Some days, I feel like I am telling my kids ‘no’ at least 2,378 times.
“No, don’t run with that!”
“No, we can’t make that right now.”
“No, we can’t do that today.”
It’s usually followed up with 80 questions of why nots or whining. I see their little defeated faces after hearing me so “no” over and over again. Then the guilt sets in.
One day of a particularly large amounts of no’s, I had my sons in the car driving to some annoying errand. My mind was set on accomplishing some silly task when we passed a 7-11. My oldest noticed the logo instantly and excitedly asked if we could stop and get slurpees. He followed up his request with noting that it was a very hot day and the icy drink would be refreshing for all of us (He was appealing to my usual comments about how summers are synonymous with slurpees. We would not be surprised one bit if law school was in his future). His little brother perked up in his seat at the thought, cheering for a blue raspberry slurpee.
I instantly said “no, not today, we have 400 things on our to-do list and slurpees are not one of them,” In the review mirror, I watched his face fall and it dawned on me. “Why am I saying no to this? It would take maybe 10 mins out of our day and it would make them so happy. And he’s right, it’s 93° outside, a slurpee sounds amazing!”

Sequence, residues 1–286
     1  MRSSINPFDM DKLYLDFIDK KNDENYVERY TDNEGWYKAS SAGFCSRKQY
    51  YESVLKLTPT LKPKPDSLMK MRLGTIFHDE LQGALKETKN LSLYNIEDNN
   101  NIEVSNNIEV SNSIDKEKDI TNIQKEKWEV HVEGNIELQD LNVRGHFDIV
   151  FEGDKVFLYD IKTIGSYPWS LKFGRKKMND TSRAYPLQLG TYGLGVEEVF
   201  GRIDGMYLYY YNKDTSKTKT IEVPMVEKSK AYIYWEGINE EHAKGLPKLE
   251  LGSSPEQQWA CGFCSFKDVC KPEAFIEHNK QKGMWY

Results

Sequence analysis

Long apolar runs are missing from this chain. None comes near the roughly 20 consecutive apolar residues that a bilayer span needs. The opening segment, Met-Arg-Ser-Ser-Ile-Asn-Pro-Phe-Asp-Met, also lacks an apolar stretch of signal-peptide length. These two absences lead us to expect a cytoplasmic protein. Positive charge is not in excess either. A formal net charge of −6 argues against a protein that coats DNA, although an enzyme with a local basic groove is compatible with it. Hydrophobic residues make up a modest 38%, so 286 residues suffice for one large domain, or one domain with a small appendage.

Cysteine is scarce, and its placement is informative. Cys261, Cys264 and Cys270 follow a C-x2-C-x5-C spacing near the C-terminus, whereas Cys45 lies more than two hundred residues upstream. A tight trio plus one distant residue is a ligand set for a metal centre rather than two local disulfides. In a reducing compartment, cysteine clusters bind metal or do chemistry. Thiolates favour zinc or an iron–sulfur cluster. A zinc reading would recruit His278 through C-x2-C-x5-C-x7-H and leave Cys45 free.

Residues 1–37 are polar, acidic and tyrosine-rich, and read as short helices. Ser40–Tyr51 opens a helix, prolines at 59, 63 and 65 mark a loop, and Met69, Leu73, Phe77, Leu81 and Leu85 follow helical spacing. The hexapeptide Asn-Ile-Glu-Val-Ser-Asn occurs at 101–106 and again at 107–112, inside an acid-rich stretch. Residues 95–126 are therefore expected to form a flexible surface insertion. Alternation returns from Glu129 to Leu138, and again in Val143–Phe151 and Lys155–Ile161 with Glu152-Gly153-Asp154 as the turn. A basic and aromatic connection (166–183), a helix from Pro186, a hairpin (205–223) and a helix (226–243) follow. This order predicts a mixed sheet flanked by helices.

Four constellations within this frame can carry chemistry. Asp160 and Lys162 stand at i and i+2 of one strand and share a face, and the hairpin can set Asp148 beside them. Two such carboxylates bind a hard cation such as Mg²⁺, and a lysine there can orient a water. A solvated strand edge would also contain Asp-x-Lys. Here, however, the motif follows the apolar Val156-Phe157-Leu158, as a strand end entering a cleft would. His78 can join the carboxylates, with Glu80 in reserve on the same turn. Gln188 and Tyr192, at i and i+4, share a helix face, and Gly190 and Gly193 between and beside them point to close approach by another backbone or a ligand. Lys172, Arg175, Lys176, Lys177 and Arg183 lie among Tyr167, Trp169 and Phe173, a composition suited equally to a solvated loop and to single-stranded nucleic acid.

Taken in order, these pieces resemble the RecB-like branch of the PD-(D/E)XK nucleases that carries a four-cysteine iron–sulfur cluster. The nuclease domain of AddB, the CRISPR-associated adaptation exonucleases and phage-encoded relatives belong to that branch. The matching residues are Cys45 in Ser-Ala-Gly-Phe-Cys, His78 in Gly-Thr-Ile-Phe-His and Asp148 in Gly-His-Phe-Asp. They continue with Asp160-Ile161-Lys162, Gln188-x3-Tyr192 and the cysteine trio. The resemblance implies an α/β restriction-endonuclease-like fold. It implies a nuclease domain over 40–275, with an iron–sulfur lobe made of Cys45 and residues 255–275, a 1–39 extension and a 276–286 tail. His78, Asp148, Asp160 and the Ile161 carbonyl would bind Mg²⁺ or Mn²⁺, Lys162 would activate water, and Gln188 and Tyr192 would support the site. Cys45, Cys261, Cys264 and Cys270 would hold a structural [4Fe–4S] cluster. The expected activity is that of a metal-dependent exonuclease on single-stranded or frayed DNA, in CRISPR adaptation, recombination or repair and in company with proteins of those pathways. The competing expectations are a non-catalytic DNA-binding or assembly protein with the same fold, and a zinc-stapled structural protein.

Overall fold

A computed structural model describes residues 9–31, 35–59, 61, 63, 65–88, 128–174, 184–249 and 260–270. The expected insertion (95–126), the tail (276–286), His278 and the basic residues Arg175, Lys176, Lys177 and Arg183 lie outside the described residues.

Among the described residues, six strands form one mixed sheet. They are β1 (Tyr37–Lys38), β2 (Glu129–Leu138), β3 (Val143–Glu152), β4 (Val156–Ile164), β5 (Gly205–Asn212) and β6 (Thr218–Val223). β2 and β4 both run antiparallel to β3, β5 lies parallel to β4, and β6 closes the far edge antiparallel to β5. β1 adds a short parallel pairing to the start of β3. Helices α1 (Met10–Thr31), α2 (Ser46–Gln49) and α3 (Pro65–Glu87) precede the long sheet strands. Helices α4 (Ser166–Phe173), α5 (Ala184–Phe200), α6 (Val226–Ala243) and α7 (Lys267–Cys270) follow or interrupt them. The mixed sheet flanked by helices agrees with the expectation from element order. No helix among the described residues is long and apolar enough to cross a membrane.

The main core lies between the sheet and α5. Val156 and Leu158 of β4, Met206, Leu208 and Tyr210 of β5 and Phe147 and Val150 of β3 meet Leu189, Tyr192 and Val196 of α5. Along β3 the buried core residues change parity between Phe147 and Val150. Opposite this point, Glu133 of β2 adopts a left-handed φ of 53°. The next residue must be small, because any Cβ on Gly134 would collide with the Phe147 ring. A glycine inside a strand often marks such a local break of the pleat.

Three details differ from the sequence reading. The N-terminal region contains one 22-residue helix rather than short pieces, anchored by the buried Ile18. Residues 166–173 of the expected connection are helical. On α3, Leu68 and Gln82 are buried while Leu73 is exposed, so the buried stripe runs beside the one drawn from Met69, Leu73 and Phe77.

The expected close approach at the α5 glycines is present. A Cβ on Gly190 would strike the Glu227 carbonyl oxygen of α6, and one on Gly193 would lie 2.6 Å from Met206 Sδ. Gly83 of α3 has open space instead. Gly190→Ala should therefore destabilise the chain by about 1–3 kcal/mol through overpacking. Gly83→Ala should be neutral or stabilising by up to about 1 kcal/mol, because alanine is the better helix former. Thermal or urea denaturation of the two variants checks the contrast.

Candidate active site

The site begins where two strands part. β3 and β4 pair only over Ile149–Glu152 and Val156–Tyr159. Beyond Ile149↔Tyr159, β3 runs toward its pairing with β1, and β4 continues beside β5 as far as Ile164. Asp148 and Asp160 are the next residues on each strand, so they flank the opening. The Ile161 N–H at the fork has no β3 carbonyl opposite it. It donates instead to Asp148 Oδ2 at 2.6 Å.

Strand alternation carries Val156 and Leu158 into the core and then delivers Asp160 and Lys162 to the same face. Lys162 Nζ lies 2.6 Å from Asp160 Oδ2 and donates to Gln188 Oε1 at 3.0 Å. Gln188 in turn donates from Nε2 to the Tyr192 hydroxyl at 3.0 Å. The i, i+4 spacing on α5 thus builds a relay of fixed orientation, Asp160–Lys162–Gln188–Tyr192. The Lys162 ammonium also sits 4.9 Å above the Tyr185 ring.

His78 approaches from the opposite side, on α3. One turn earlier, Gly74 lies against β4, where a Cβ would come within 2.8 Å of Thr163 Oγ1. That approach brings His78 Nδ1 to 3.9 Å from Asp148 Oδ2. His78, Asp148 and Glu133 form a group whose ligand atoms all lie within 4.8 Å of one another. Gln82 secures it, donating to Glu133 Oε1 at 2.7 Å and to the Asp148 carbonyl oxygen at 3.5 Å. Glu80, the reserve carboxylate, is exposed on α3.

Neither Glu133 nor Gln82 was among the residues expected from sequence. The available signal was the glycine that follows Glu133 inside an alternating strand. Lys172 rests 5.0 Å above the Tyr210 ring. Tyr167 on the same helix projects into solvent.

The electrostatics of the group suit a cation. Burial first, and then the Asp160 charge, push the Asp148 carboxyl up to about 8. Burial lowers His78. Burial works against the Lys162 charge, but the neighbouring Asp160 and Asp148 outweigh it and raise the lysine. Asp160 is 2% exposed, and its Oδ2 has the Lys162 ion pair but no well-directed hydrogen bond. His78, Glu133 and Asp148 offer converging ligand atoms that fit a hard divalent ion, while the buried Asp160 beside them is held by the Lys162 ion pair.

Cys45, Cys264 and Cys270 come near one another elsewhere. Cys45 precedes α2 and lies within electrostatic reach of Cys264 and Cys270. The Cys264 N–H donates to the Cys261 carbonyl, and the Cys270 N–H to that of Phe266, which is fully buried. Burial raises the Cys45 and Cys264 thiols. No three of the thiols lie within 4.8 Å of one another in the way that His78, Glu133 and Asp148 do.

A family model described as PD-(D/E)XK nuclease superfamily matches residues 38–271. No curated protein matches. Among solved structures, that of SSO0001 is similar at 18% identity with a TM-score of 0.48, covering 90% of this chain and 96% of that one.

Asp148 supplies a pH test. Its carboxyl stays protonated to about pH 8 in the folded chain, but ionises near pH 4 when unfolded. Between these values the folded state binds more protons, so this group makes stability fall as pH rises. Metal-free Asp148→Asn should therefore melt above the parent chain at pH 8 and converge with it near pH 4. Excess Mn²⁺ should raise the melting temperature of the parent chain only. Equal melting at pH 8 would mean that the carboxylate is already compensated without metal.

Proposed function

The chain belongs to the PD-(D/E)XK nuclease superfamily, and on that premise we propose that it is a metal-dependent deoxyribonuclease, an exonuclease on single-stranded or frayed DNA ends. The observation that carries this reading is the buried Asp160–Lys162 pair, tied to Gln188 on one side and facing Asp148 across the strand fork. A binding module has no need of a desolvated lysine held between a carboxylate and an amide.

I went to express my change-of-heart but then paused. A fun idea popped in my head. Our boys like to pretend they are driving (as a lot of kids do) from the backseats, using whatever they can find as a steering wheel and make car noises. At that moment, my second born was doing just that. I pretended to panic slightly and loudly asked, “Oliver are you driving the car?!? I can’t steer! What is happening?”
His eyes got big at the thought and said “YES, mama I is!!”. My oldest looked confused but then caught on quickly and instructed his brother to turn the car into the 7-11 parking lot. The car veered in that direction as they both squealed wildly at the thought of being in control of the car. I was still pretending like something was wrong with the car as we pulled into the parking lot and the boys couldn’t stop cheering and laughing.
As you may have guessed, we did indeed slurp down those sugary, delicious drinks that day. It cost me a few minutes, six bucks and it was completely worth the smiles and excitement.
In a world full of rules and ‘don’t do that’s’, it was fun for a moment to not just say yes but to have them believe they were saying yes. They were the reason that we got a nice break and a treat that day. I also learned to chill more about running errands with them. Saying yes more often is better for everyone.
We never did get the car fixed. Every now and again it acts up and, somehow, some way, Oliver can control the wheel. He takes us to parks, Chuck E. Cheese, the museum and the other day we even had ice cream for lunch. He doesn’t know it was really to celebrate having a great first week in his new preschool class. All he knows is he saw a sign and drove towards it.
Mamas, sprinkle in some magic for them. Say yes more and remember they only have one childhood. Let them drive sometimes.